An ornate array of heirloom and hybrid roses in Isobel’s Garden at Quest for Life Bundanoon holds special significance for her daughter, Michele Corin.
The cottage-style garden, which blooms brilliantly each spring and summer at the Quest for Life Centre in the NSW Southern Highlands, was created in 2004 to mark the passing of Isobel.
Today, a small bronze plaque stands inside the serene spot that reads ‘Isobel’s Garden’, but the history behind this dedication is possibly lost on the hundreds of guests who flow through the Centre’s tranquil nine acre gardens each year to attend various residential programs.
“The rose garden is the result of a vision Mum had for the lawn that existed between the accommodation lodges. She had a lifelong love of gardening and saw an opportunity to create something beautiful which eventually became a memorial for her,” said Michele, who attended Quest for Life’s Quest For Life residential program with her mother in February 2003.
The Quest for Life residential program was the first program developed by the Quest for Life Foundation, after Founder & CEO Petrea King unexpectedly survived leukaemia in her 30s.
The five-day program is aimed at people living with a terminal or chronic illness, including cancer, Multiple Sclerosis (MS), Parkinson’s Disease, Motor Neurone Disease (MND), Systemic Lupus Erythematosus (SLE or Lupus), and other autoimmune diseases or chronic pain.
Gallery: Isobel’s Rose Garden at Bundanoon
“The garden was designed and created with the help of many of Mum’s friends. A working bee with family and friends prepared the garden in May 2004 and the rose planting of 68 roses occurred in August, on what would have been her 68th birthday,” Michele said.
“Mum had a rose in her garden at home for each of her children and grandchildren, so we continued that tradition at Quest. Every member of our family chose a rose and many of mum’s friends donated a rose for the garden. The garden was designed so that when the roses are in flower, the combination of colours reflect a rainbow.”
Isobel’s Garden: A Place to Stop and Reflect
In November 2002, Isobel was diagnosed with life-threatening lung cancer and was looking for answers and soon after visited the Southern Highlands Centre with her daughter in February 2003.
“We had a room in one of the lodges,” Michele said. “It was a pretty amazing week for her, and she often told me it was one of the best weeks of her life.
“Being in the Quest environment creates an immediate sense of serenity and tranquillity with its transcending calmness and quiet. The rose garden is an extension of that. It provides everyone a space to stop and reflect.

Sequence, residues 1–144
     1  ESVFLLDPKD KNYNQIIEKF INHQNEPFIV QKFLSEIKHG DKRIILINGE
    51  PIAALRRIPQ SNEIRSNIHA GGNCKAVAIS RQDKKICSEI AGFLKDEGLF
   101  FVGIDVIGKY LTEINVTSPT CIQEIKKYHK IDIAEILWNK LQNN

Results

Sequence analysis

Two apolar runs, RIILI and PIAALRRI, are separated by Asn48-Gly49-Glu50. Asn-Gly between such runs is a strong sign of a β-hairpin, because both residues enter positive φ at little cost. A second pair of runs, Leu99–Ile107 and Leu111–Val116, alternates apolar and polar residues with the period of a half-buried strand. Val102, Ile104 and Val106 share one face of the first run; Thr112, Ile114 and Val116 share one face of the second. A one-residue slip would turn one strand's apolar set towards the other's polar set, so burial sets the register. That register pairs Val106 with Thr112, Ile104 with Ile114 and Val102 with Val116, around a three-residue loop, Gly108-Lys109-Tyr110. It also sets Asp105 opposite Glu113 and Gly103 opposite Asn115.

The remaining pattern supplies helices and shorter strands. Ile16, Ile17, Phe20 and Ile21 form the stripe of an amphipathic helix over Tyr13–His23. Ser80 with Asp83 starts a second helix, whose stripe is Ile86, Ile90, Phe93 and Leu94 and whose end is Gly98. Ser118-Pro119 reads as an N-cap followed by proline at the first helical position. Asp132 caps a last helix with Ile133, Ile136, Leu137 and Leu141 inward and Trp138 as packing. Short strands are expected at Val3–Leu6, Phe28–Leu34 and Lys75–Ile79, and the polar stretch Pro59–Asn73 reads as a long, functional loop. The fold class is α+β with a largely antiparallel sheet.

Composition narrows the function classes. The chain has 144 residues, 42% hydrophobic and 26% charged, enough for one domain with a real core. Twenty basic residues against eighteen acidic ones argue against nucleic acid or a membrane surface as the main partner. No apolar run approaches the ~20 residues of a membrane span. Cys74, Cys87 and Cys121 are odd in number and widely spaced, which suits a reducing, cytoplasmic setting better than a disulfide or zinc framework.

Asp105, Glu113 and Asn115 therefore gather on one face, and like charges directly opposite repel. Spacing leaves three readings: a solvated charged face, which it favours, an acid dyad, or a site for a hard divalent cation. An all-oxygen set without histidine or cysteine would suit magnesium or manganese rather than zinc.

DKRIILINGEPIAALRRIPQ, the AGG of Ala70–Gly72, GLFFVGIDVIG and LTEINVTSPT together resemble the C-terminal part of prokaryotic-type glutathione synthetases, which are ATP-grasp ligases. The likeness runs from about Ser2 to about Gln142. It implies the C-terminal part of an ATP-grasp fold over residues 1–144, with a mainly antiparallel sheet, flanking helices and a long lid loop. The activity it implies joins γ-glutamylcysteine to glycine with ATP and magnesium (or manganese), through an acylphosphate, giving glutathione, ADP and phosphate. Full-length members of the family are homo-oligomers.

“Attending the program had many benefits – also for me. At the time, I was working for a corporate, often 14 hours a day. I remember there was very little mobile reception at the time. What a blessing that was! It was difficult to connect with the outside world. Everyone had to be fully present with each other. We met many wonderful people and one of my close friends is another lady who also attended the program.”
Quest Founder & CEO Petrea King said the rejuvenation of what was once just an unremarkable piece of grass into the beautiful rose garden it is today had been “remarkable”.
“This little patch of land between some residential lodges was totally transformed from a scrappy piece of grass that was never abundant to a garden that when in full bloom is just beautiful,” Petrea said.
“Isobel came on a Quest for Life program when she had cancer and it just turned her around completely. She found peace.”
Among the different rose varieties planted in the garden is Isobel’s favourite cultivar, the ‘Peace’ Rose, which became a universal symbol for everlasting world peace after it was secretly shipped out of France in 1939 and later handed to the United Nations for distribution and propagation within countries.
“The garden was created as a place for people to find peace and tranquillity,” Michele said.
“Spending time in nature is so peaceful. It grounds me and is a form of meditation. I love getting my hands into the soil. Connecting with the earth restores my soul and gardening continues to connect me with mum. I grew up gardening with her. We spent time lots of time in the garden on weekends. We composted, we weeded, we pruned, we planted, we mulched. Gardening was a shared passion.
“I have found during these COVID times that spending time gardening gives me a focus on the little things that matter, like growing food. Gardening helps me feel less overwhelmed by world issues I cannot resolve.”
Michele said she hoped current-day program participants found as much solace as she has in the rose garden, with its eye-catching water feature and its small bench for quiet reflection.
“On one of my visits to the garden I met this lovely lady who told me, ‘This garden is a sanctuary. I feel a strong presence of love in this space.’ That’s how I always feel, but it was so comforting to hear it from another garden visitor.”
Upcoming Quest for Life Residential Program Dates:
Generous subsidies are available to attend for a wide range of circumstances. For a confidential chat, please call our Programs Team on 1300 941 488.
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